Opening Day, the first day of the 2011 major league baseball season, was March 31st. The first pitch was thrown a little after 1 p.m., and sometime after that baseball fans heard the first crack of the bat of a brand-new season.
Even nonfans can rejoice at this sign of spring, and a promise that summer days are ahead.
But you won’t hear the crack of the bat very much these days from other diamonds—Little League, high school, and college. It has been replaced by pings and thunks as most players at those levels now use metal bats or composite ones, which that are made with a mixture of materials, including graphite.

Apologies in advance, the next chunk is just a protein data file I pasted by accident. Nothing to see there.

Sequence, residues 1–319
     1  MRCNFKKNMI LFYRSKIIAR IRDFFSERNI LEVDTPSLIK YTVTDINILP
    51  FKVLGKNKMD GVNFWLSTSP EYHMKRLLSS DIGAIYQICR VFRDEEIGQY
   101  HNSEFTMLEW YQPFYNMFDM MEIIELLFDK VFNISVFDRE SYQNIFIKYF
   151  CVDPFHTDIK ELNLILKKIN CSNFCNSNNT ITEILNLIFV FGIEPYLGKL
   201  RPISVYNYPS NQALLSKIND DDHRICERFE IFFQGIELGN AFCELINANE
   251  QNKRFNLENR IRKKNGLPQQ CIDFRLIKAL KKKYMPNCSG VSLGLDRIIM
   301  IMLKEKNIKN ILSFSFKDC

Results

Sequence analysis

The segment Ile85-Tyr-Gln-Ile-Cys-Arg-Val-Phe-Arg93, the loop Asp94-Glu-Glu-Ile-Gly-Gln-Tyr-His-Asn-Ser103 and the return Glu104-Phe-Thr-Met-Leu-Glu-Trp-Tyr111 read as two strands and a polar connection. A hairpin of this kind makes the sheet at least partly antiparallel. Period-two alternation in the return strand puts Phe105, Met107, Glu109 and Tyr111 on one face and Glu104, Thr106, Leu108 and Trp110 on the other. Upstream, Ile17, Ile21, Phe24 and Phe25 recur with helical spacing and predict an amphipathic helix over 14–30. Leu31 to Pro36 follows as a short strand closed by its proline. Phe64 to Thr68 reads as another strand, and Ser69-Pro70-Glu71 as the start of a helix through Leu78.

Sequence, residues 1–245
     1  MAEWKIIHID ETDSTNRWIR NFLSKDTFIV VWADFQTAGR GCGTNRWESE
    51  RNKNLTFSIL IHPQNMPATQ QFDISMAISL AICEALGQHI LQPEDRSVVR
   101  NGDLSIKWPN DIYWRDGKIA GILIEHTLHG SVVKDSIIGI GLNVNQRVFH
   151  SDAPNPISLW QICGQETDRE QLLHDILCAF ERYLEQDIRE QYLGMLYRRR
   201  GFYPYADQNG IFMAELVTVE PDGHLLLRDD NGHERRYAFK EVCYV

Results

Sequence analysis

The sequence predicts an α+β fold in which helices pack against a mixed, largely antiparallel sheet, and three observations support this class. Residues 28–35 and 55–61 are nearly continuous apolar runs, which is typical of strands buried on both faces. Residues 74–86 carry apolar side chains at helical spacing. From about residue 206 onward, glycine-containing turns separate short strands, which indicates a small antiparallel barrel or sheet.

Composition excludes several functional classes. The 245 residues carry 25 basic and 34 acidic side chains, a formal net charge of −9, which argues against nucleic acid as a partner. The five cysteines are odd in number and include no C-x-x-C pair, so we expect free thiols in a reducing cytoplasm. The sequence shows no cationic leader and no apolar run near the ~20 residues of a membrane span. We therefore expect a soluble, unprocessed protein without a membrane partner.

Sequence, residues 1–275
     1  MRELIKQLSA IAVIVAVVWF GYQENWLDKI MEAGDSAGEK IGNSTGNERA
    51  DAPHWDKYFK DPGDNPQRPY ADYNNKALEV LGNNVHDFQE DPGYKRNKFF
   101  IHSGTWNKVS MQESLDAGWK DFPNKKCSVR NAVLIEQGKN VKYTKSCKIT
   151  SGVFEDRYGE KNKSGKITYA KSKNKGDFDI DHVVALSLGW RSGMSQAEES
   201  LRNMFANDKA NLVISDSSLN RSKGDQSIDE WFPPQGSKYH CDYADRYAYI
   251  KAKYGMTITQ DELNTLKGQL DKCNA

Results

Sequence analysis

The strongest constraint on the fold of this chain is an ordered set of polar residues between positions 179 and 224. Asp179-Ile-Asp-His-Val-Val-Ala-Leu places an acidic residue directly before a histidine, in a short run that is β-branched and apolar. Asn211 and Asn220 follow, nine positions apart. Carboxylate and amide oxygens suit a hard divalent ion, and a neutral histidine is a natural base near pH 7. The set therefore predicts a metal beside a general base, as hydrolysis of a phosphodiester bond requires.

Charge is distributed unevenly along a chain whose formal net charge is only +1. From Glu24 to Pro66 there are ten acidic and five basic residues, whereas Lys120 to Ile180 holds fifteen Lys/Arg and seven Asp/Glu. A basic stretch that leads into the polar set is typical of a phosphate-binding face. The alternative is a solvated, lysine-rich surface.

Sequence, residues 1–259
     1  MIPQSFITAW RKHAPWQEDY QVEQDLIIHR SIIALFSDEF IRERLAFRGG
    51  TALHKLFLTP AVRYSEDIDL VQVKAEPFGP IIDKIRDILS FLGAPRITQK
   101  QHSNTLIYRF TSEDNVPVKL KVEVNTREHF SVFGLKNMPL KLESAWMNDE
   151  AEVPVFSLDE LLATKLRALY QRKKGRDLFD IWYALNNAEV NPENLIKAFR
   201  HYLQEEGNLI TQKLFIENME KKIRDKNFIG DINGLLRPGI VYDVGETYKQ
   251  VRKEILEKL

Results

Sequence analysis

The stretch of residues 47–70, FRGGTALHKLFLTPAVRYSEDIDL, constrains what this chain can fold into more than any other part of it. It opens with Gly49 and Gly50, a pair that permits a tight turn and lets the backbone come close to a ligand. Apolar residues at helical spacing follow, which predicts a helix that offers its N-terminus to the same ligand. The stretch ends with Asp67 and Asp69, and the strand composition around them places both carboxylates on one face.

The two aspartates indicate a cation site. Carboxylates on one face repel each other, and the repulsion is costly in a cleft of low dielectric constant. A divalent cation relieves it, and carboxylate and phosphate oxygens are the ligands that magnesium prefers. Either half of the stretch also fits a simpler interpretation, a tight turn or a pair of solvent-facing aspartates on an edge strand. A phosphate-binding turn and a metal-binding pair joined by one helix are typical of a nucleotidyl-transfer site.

Players started using metal (usually aluminum) bats about 30 years ago. They last longer than wooden bats and send the ball farther. The composite models have come on strong more recently.
But there’s growing concern that nonwood bats may pose a safety hazard to fielders—especially pitchers— because they make a hit baseball go faster. The added speed gives fielders less time to react and, if they are hit, increases their risk of injury. Read more »
*This blog post was originally published at Harvard Health Blog*